For the authors, the findings from this quality improvement project and the accumulated evidence informed their trust’s decision to implement a student-led clinical learning environment.

Student-led clinical learning environments

The purpose of a student-led clinical learning environment is to develop a dynamic and innovative interdisciplinary learning environment for healthcare students. A student-led clinical learning environment focuses on the development of clinical competencies – alongside safe and efficient supervision and assessment – and aims to support a culture of excellence in education, leadership and pastoral support (Dyar et al 2019). Learning is scaffolded according to each individual student’s experience and students are supported by peers, staff and clinical educators, thereby enabling them to take responsibility for leading care. Students are encouraged to make clinical decisions, but also have wider responsibilities such as supporting other students and learning managerial skills, for example prioritising patient care for the entire unit or ward and maintaining staff rosters.

The authors projected that by introducing student-led clinical learning into their trust they could increase student capacity significantly; for example, a 32-bed ward that would normally host eight students could in future host 40 students. Moreover, the re-introduction of early and late shifts for students, as opposed to long days from 7am to 7pm, enabled protected learning time, since the overlap time between shifts could be used for team debriefing and skills teaching sessions facilitated by clinical educators.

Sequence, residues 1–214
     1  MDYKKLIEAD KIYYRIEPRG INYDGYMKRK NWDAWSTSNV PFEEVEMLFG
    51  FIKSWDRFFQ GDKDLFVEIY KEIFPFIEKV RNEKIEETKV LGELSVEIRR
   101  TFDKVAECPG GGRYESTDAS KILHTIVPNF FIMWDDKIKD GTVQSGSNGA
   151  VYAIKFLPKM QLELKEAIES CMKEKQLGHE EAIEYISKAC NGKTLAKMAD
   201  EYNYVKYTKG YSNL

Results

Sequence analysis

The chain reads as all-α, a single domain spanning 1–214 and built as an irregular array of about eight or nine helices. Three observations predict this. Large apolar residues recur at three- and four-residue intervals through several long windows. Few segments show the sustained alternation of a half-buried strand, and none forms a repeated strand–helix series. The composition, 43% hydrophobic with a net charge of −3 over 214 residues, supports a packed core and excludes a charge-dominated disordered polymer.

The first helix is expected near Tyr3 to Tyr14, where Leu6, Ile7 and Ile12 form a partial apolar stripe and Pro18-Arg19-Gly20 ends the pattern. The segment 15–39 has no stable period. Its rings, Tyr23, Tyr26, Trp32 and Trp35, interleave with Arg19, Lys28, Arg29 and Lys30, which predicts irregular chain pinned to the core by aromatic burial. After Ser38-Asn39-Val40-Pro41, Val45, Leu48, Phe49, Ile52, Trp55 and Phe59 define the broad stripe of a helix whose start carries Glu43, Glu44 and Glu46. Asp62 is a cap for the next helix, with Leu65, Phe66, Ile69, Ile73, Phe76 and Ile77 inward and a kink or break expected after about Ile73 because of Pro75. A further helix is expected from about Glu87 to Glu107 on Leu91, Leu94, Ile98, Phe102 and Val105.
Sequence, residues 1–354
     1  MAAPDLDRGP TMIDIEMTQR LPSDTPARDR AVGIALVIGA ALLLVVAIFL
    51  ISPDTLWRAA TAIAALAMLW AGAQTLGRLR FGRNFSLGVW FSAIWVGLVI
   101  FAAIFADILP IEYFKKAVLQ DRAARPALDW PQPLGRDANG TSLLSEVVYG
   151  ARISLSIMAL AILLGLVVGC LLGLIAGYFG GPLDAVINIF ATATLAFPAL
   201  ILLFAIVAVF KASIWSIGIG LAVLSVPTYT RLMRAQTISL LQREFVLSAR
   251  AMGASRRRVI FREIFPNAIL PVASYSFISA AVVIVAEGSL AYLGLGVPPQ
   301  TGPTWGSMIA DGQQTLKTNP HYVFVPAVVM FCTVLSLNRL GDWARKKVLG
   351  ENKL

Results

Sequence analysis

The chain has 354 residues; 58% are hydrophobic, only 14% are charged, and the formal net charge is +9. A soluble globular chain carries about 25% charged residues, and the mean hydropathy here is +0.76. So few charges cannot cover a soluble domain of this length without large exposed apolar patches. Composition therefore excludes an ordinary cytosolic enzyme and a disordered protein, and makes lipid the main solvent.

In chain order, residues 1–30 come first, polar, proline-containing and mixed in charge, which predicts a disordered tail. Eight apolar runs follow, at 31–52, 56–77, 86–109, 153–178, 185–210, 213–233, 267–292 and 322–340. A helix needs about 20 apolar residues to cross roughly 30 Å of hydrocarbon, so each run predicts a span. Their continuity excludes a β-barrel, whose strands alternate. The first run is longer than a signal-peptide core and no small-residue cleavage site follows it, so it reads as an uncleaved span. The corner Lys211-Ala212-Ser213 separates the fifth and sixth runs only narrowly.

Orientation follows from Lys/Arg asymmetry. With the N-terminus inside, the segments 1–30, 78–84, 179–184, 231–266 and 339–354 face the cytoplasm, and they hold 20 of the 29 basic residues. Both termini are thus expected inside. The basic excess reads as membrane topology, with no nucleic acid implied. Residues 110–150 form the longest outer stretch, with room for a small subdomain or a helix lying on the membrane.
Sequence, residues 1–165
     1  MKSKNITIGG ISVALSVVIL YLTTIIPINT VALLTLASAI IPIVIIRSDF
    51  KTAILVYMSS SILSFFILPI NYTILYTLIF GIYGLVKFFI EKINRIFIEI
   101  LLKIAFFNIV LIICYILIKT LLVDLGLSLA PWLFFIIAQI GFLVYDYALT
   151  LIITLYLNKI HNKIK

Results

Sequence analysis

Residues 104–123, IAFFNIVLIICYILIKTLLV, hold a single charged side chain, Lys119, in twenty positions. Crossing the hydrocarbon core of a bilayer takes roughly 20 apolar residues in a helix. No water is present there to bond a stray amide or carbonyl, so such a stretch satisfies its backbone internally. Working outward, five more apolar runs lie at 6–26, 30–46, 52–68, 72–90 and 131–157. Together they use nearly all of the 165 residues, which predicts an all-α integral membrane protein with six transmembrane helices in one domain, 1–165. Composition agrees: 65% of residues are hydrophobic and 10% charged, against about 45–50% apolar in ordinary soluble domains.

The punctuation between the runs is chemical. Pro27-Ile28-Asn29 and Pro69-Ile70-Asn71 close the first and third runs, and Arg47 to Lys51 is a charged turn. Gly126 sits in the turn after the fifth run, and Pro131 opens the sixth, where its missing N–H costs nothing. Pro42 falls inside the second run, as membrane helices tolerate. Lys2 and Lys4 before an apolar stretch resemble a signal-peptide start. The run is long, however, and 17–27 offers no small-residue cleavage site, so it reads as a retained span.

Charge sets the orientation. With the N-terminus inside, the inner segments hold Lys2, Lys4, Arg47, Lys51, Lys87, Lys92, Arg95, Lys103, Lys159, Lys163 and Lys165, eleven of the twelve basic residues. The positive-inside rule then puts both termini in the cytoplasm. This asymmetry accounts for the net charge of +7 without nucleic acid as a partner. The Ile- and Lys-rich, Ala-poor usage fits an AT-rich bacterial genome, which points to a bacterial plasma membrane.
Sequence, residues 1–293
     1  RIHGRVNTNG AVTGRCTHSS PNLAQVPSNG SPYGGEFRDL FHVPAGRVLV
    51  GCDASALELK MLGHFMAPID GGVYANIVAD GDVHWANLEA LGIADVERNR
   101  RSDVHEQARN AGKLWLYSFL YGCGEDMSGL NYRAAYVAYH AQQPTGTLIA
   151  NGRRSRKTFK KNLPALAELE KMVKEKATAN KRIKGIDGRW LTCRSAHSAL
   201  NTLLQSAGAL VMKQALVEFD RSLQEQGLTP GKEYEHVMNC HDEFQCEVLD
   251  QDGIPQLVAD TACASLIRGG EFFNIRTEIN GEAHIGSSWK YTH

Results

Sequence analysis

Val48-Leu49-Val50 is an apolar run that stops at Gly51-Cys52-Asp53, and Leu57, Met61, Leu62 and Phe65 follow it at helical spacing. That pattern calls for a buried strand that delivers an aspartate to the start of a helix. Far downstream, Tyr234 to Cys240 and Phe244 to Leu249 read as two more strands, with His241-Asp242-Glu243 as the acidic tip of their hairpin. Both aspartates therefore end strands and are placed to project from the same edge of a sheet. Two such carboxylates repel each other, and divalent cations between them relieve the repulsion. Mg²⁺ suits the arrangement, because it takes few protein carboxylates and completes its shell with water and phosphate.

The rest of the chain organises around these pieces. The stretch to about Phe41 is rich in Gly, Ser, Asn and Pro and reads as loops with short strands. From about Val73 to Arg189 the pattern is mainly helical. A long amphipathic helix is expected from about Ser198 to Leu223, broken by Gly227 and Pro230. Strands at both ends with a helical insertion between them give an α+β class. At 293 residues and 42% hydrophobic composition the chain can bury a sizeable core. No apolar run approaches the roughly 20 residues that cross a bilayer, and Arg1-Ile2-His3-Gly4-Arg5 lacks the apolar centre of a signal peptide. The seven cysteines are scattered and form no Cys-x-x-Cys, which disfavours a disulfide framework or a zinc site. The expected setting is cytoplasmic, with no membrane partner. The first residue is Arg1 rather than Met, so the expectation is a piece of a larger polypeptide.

It is hoped that the trust’s pre-registration education team will contribute to a safe, high-quality learning environment for healthcare students and supervisors, and that this results in the development of partnerships between clinical staff, healthcare students and educators.

The trust’s first cohort of healthcare students began practising in the student-led clinical learning environment in November 2021, with a further three environments proposed to open by June 2022.


The limitations of this project were that it was conducted in one large trust with multiple sites and specialties, and therefore the results may not be generalisable to other settings. The project had multiple components and there may have been bias in relation to the interpretation and analysis of the data, leading to a focus on student-led clinical learning environments without further consideration of alternatives.


This quality improvement project involved conducting a series of focus groups to obtain the views of healthcare students on their clinical placement experiences in one large UK trust. The findings from the data recognised the importance that the students placed on support, being part of a team and feeling prepared. These findings led the researchers to introduce student-led clinical learning environments into the trust, with the aim of developing a dynamic, innovative and high-quality learning environment for healthcare students and clinical staff.